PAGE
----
A Congressional subcomittee met today to discuss the breach of the Playstation Network and the response by Sony. While no representatives made an appearance at the hearing, Sony’s Kaz Hirai did pen a letter to explain Sony’s side of the story and it includes a reference to Anonymous.
The House of Representatives’ Committee on Energy and Commerce did not have kind words for Sony with Rep. Mary Bono Mack (R-Calif.) taking the company to task for announcing the intrusion to the Playstation Network via the official Playstation Blog.
“In Sony’s case, company officials first revealed information about the data breach on their blog,” Bono Mack said. “That’s right. A blog. I hate to pile on, but — in essence — Sony put the burden on consumers to ‘search’ for information, instead of accepting the burden of notifying them. If I have anything to do with it, that kind of half-hearted, half-baked response is not going to fly in the future.”
As of now, the Playstation Network is still down two weeks after it was initially attacked on April 19 and shutdown on April 20. Sony calls the attack “a very carefully planned, very professional, highly sophisticated criminal cyber attack” in a letter from CEO Kaz Hirai to Congress. The Playstation Blog also notes that a file was placed on the Sony’s server that references the hacking group “Anonymous” that included their “We are legion” saying. Anonymous previously denied that they were involved with the attack but did not rule out a splinter group being behind the breach.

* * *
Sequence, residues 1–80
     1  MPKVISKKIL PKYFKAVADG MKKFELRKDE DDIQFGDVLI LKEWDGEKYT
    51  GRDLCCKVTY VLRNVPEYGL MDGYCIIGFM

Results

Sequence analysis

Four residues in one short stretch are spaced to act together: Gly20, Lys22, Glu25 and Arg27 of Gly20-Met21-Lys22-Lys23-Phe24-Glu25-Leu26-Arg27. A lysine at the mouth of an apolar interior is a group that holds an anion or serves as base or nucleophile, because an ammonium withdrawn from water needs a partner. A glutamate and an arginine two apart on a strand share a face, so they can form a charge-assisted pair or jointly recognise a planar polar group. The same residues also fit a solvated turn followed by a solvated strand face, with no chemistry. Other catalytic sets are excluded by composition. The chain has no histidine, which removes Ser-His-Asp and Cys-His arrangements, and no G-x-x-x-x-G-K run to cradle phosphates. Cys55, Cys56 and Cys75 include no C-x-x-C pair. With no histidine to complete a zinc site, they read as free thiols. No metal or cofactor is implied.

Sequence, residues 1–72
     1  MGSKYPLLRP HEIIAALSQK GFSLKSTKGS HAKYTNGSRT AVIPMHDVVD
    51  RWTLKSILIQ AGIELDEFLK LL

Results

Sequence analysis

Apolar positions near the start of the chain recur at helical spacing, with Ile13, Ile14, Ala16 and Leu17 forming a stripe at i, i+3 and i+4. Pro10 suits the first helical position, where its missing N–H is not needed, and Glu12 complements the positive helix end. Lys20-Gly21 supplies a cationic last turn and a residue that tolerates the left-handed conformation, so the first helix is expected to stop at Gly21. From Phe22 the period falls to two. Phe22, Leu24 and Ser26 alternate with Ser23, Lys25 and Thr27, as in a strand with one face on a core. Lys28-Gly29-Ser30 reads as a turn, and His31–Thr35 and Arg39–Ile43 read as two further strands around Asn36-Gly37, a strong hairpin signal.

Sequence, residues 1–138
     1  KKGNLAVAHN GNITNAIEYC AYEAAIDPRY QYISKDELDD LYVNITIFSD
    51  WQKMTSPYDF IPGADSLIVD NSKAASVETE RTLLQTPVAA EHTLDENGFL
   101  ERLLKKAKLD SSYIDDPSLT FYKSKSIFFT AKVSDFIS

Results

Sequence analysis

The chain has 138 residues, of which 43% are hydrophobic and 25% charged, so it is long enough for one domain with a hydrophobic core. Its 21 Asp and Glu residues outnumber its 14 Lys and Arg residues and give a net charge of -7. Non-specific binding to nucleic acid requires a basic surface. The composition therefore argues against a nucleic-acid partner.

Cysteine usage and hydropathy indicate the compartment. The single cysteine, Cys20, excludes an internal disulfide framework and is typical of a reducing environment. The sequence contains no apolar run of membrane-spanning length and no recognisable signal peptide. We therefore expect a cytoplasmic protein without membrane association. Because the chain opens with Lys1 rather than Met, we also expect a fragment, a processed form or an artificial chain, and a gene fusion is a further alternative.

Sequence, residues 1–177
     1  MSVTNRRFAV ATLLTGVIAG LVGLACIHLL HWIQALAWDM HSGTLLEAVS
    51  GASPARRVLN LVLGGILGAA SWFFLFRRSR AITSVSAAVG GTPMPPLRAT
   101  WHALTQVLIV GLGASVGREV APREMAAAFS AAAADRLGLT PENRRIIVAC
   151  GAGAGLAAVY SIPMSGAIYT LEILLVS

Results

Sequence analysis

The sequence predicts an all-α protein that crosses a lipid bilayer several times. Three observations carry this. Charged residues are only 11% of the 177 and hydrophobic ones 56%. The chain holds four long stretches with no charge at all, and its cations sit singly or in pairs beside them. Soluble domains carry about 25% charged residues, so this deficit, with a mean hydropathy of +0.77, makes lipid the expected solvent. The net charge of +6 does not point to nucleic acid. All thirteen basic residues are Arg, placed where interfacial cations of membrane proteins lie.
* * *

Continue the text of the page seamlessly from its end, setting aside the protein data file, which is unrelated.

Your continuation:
Hirai explained the six day delay for notifying customers that personal and credit data may have been compromised by stating that it took that long for Sony to determine the extent of the intrusion due to the massive size of the network and the way that the hackers covered their tracks. “By April 25, forensic teams were able to confirm the scope of the personal data they believed had been taken, and could not rule out whether credit card information had been accessed,” Hirai wrote. “On April 26, we notified customers of those facts.”
No credit reporting agency has reported any fraudulent credit card transactions according to Sony but the company is offering “complimentary identity theft protection to U.S. account holder.” It has still yet to determine the identities of the hackers but is working with the FBI and forensic experts to investigate.
As Sony previously stated, Hirai wrote that Sony has beefed up security for the Playstation Network by taking measures such as enhanced data protection and encryption, more firewalls and the hiring of a chief information security officer. The company is also offering a “Welcome Back” program that includes free downloads, 30 days of free membership in the
PlayStation Plus premium subscription service; 30 days of free service for Music Unlimited subscribers; and extending PlayStation Plus and Music Unlimited subscriptions for the number of days services were unavailable.
In a post this past Sunday, Sony reported that it would try to have the Playstation Network up within the week. There has been no update from the company regarding that timeline.
You can read the complete letter here.
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